So Mary Ann ALDIS married Henry Ewart EBERTS, known as “Yve”, 18th March 1849 at Orchard Place, Chatham. Henry was aged 33, Mary Ann 24, the ceremony being conducted by the Rev. Francis Sands. The family remained in Chatham for the remainder of their lives. In due course 3 sons - Byron, Francis Goldworth (Frank), Newton - and a single daughter, Ellen, were born to them. After his brothers William and Walter moved to downtown Chatham, Henry stayed on the family farm, Orchard Place, and started a successful business in storage and shipbuilding. Following his mother’s death, Henry came into possession of the farm and, with his brother-in-law Dr. A.R. Robertson, engaged in trading and lumbering. A major financial setback was occasioned by the burning down of a store and warehouse during the 5th August 1854; but the brothers rebuilt, and it is assumed that their fortunes recovered.

Henry’s sister Euphemia married the first Chatham doctor, Alexander Rocke ROBERTSON, a Scot from the Royal Navy. Their second son, also named Alexander Rocke ROBERTSON, married Margaret Bruce EBERTS, daughter of William Duncan EBERTS who was Henry’s eldest brother. So there was a very close connection between EBERTS and ROBERTSON. The ROBERTSONs left Chatham in the 1860s, but they maintained strong connections with the town. Henry’s nephew and niece moved to Victoria in British Columbia where they had 7 sons including the Hon. Harold Bruce ROBERTSON. A descendant of Mary Ann’s granddaughter, Edith Goldworth EBERTS, revealed that Mary Ann was a talented pianist and self-taught painter in oils, turning out many family-related portraits and sailing scenes. Subsequently these were dispersed throughout the family line of EBERTS and JENKINS, and some were offered to the Ontario Art College. Included are two gusty sailing scenes, the Scottish Piper by fireplace with cat, grandchildren, her mother- and father-in-law, Euphemia BAKER and Joseph EBERTS, among others. They have been described as ‘primitive’. Mary Ann, in later life severely crippled by arthritis, remained in Orchard Place until her death in 1892. One descendant still possesses the beautiful tiny rocking chair that was used to carry Mary Ann into the garden. Her granddaughter, Edith Goldworth, was told to remove her chewing-gum from the chair; it was returned the following day, painted red.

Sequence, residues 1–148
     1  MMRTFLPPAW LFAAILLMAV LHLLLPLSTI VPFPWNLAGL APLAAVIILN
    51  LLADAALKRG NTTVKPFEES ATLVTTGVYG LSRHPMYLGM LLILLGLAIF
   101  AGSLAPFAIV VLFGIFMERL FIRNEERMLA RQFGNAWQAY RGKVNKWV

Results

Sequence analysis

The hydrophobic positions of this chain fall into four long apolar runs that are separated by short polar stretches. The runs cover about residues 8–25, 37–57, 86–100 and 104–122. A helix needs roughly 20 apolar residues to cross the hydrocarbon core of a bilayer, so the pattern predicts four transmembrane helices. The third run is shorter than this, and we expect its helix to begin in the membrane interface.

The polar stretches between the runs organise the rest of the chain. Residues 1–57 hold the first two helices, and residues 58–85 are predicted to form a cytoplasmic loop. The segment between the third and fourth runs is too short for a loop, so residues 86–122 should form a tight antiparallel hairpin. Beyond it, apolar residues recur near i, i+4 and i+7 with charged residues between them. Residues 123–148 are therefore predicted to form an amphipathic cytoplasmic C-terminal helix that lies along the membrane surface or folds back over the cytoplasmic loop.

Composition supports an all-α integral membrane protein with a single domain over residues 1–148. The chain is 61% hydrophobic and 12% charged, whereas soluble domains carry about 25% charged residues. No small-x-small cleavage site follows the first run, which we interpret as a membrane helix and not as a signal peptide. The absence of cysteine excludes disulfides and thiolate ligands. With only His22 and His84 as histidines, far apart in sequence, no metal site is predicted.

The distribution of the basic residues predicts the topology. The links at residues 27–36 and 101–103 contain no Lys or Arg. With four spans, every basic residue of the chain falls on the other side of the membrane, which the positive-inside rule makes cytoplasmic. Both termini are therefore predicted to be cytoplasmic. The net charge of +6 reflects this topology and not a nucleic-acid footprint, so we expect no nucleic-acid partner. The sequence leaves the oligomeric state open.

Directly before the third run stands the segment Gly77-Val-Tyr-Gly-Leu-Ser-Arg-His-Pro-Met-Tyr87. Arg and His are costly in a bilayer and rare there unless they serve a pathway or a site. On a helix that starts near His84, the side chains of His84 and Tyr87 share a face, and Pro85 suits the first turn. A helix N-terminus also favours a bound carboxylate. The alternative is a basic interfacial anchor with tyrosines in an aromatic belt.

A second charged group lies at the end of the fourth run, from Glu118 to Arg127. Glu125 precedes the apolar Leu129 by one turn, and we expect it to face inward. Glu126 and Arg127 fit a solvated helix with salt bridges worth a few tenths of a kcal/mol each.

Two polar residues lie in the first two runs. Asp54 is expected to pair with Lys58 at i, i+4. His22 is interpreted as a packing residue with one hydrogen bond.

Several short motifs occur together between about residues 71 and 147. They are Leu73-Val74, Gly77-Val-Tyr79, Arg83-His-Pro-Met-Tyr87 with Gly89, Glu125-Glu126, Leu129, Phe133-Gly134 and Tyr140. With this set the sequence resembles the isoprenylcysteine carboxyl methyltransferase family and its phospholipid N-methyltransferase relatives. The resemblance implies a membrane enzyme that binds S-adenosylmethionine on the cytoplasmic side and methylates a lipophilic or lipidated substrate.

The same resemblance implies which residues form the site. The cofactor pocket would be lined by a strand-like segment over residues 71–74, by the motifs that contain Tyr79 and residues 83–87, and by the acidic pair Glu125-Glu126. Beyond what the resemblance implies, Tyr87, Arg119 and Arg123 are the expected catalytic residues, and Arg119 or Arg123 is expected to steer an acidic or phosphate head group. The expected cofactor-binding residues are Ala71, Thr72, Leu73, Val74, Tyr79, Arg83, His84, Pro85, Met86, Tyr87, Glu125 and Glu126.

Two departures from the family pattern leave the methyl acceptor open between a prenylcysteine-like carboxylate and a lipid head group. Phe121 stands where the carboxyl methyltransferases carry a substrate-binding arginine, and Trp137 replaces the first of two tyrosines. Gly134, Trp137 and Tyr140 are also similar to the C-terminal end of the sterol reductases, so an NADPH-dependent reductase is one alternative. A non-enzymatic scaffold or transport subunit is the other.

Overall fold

The Chatham Weekly Planet newspaper dated Thursday the 15th April 1880 contains the following report:


It again becomes our mournful duty to record the removal from amongst us, by death, of a well-known citizen; one intimately connected with the early commercial history of Chatham. On Sunday, at about 3:00 P.M., Mr. Henry Eberts passed out of life, at the age of 64 years and 2 days. He had been a great sufferer for some time from a peculiar internal irritation and lately visited the medical institution at Ann Arbor, Michigan in hope of relief, but returned from there on Friday last much cast down by the hopelessness of his treatment and he continued to sink rapidly until his dissolution on Sunday afternoon.